After 15 years and repeated calls to close it, Guantánamo Bay is still open and still holds dozens of prisoners without charge. David Smith provides a summary of its history. [The Guardian]


Libya’s Presidential Council has announced the formation of a revised national unity government. The list of 13 ministers and 5 ministers of state was sent to Libya’s eastern parliament for approval on Sunday. [Al Jazeera] The UN envoy overseeing the process has welcomed the announcement. [UN News Centre]

Defense Secretary Ash Carter has encouraged Britain to renew its Trident nuclear weapons program. In comments published on Saturday, Carter said that replacing the fleet of submarines which carry nuclear warheads must be done so that Britain can sustain its “outsized” role in world affairs. [Reuters]

A US journalist and three members of her crew have been arrested in Bahrain accused of failing to register properly with authorities on entering the country and participating in “an unlawful gathering.” Freelance journalist, Anna Day, and her colleagues were covering a demonstration marking the fifth anniversary of the political opposition uprising in the Gulf monarchy. Reporters Without Borders, a journalists’ rights group, has called for their release. [Wall Street Journal’s Asa Fitch; The Guardian’s Roy Greenslade]

US Green Berets and Dutch Marines have been training a handpicked Senegalese commando squad created in an effort to combat terrorist smuggling networks along the Senegal River. [New York Times’ Eric Schmitt]

Al-Shabaab claim to have seized an armed, unmarked drone which crashed in the Buuraaha Sanda’ar region of southern Somalia. No country has claimed the drone. [Al Jazeera’s Hamza Mohamed]

The investigation into the torture and death of Italian student, Guilio Regeni, in Cairo almost two weeks ago has failed to produce any leads, so far. Italy has pressed Egyptian authorities to expedite their investigation into the death which has “chilled Italian-Egyptian relations.” [Wall Street Journal’s Dahlia Kholaif and Giada Zampano]

Antonin Scalia, Justice on the Supreme Court, died on Saturday. He was 79. Adam Liptak describes the life and times of “the most influential justice of the last quarter-century.” [New York Times]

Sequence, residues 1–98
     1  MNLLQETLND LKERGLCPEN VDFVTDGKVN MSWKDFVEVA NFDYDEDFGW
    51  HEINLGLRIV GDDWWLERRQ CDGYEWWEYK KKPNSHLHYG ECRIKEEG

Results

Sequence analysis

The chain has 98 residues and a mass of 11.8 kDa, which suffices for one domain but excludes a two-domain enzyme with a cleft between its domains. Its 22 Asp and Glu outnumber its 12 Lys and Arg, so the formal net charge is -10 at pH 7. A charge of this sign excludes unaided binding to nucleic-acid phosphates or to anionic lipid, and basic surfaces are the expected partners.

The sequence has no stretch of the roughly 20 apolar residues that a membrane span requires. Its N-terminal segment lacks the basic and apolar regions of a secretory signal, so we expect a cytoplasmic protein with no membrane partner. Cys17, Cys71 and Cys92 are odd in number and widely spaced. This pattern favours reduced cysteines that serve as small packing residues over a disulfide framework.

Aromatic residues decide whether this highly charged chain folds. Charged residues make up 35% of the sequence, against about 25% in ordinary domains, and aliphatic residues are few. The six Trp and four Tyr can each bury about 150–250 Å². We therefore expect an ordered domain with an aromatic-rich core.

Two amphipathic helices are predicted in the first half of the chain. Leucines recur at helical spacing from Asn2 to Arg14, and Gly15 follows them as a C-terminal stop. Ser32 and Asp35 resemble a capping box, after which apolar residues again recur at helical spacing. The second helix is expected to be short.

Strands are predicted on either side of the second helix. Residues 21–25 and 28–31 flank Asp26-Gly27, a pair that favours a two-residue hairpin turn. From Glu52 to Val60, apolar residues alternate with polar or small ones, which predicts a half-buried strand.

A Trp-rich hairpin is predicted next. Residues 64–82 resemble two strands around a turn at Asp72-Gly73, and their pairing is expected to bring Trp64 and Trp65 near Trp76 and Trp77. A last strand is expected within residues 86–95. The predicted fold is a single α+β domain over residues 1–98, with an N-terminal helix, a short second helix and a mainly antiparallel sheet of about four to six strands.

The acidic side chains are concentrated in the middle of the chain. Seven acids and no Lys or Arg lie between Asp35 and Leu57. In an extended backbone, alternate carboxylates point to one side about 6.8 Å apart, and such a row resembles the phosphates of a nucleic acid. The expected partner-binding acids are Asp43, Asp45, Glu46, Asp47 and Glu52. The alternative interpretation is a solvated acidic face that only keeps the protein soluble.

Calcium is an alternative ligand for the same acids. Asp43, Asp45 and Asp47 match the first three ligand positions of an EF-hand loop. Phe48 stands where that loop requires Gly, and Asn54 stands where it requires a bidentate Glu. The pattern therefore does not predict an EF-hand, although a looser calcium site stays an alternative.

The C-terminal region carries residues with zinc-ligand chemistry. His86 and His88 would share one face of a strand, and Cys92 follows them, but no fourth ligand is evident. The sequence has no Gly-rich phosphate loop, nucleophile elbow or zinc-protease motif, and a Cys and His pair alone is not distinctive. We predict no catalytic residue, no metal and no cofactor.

The UN has encouraged Nigeria to ensure that areas liberated from the control of Boko Haram forces are restored to true safety before it allows displaced persons to return to their homes. [UN News Centre]

A man in Florida has pleaded guilty to a hate crime for threatening to firebomb two mosques in the Middle District of Florida, and to shoot their congregants. [DoJ News]

“What happens when these folks start getting out?” The prospect of some of those convicted of terrorism offences in the US being released as soon as 2017 raises questions about how to reintegrate them back into their communities. [Wall Street Journal’s Nicole Hong]

“Depleting our Treasury and wasting valuable lives.” Joseph Blady discusses the situation in Afghanistan and the Senate Armed Services Committee’s “stunning” decision to continue to keep US troops in Afghanistan and to funnel billions more US dollars into the country’s recovery. [The Hill]

Russian NATO ambassador, Alexander Grushko answers Julian E Barnes’ questions on Russia’s views on the presence of Western troops in Poland and the Baltic, Russian violence in Ukraine, and other matters. [Wall Street Journal]

The US Navy has been testing an electromagnetic railgun and is considering installing it on future USS Lyndon B Johnson. A final decision has yet to be made. [AP]

South Korea will take “stronger and more effective” measures against North Korea from now on, South Korea’s President Park Geun-hye said in “uncharacteristically blunt terms” in a televised parliamentary address yesterday. [AP; Washington Post’s Anna Fifield] A UN human rights investigator has produced a report recommending that North Korea’s leader, Kim Jong-un, should face trial for crimes such as murder, torture, enslavement and persecution, and that an expert panel should be created, tasked with identifying how to prosecute him. [New York Times’ Nick Cumming-Bruce] Meanwhile, new sanctions against North Korea were cleared by the House on Friday and are waiting President Obama’s signature. The White House has indicated that he will sign the legislation. [The Hill’s Christina Marcos]